The PrideFollowing on from its massively successful run as part of the Trafalgar Studio’s Trafalgar Transformed season in 2013, Jamie Lloyd’s The Pride is embarking on a mini-tour of the UK. With much media coverage of human rights violations occurring in Russia (and elsewhere) ahead of the Winter Olympics next month, this production of The Pride is a carefully constructed revival that is both topical, contemporary and brilliantly written.

The play fluctuates between ’50s London, when homosexuality was deemed illegal, and its 2008 equal – where its characters celebrate gay pride. In their respectable, ’50s family home in Pimlico, husband Phillip and his wife Sylvia invite her colleague Oliver round for dinner. Whilst Oliver speaks of an epiphany, it becomes apparent that Phillip is struggling with his attraction to Oliver; later on in the play he takes drastic action in admitting himself to a clinic to try and ‘cure’ his feelings. In their contemporary counterparts’ world, homosexuality is much easier to speak of. Openly gay and proud, (and sharing the same names) Phillip and Oliver negotiate their way through a relationship that is fraught with affairs, role-playing and quite obviously, love.

Writer Alexi Kaye Campbell’s play was originally performed at the Royal Court in 2008, but its themes and ideas surrounding changing attitudes to sexuality and searching for the courage to be yourself is still profound today. Its educative writing suggests that everyone can live the life they want – and that one should not repress one’s identity or sexuality. Its scene changes between the two time periods highlights the battle already overcome, and also the imperfect present that is still being fought: is character Oliver really any happier in his oppressed skin than in his liberated, flippant one?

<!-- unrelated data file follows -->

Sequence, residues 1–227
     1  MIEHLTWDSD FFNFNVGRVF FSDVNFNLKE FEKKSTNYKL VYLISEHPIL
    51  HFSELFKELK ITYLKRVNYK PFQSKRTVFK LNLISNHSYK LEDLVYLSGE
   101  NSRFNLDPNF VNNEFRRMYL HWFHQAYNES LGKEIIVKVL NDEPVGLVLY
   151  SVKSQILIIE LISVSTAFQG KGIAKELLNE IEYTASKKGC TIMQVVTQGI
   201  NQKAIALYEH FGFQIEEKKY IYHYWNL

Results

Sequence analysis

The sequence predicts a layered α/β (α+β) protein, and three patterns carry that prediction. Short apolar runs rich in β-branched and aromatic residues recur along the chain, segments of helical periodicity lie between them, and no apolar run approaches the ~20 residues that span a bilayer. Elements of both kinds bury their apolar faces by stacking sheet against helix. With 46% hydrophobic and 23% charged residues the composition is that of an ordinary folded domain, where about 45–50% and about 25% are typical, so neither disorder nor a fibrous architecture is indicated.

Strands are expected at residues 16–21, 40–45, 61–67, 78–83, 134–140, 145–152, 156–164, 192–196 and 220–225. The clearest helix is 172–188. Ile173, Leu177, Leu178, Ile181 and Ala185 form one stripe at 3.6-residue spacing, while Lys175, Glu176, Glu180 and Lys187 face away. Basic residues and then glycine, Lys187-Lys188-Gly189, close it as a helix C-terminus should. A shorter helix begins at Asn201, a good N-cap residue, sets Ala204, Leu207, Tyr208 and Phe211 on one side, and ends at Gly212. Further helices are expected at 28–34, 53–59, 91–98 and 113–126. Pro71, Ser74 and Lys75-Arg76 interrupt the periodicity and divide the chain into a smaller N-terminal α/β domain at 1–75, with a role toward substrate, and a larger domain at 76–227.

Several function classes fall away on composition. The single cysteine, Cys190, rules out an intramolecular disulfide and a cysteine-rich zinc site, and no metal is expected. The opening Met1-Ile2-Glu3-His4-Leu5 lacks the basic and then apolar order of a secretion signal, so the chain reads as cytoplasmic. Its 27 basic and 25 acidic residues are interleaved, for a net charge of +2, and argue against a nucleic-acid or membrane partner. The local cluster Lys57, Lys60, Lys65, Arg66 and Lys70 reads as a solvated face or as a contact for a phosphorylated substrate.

It is a script that is also very funny, mostly in the form of Mathew Horne’s (Gavin and Stacey, Bad Education) characters, which include a role-playing Nazi prostitute. The other three actors also grace the Richmond stage with perfect performances throughout the evening; Al Weaver as Oliver, giving a fast paced exuberance but honesty throughout his two equal characters, and matched by Harry Hadden-Paton’s controlled yet ferocious Phillip. As the only female of the company, Naomi Sheldon does well to stand her ground but shines particularly during her turn as hurt wife Sylvia, having discovered her husband’s passionate love affair with her colleague.

The set (designed by Soutra Gilmour) is simplistic but effective. A large, battered old mirror reflects the action and Campbell’s characters right back onto its audience – the representation of society and a cosmic link between the two time periods.

Whilst taking their curtain calls, the cast brandish signs saying ‘To Russia with Love’ – a movement that provoked some serious affection from its audience – and which give this brilliantly-written play a real sense of purpose. Brilliant direction, acting and writing make this one of the most affecting plays I’ve ever seen and if all theatre is as good as this in 2014, I’m going to have a seriously incredible year.

The Pride is playing The Richmond Theatre until 1 February, before embarking on a UK Tour. For more information and tickets see the Pride website.

Jemma Anderson

Jemma is currently studying Drama, Theatre and Performance at Roehampton University. Between studying and reading about theatre, she also watches and reviews as Editor-in-chief of the Drama Department's newspaper, The Call.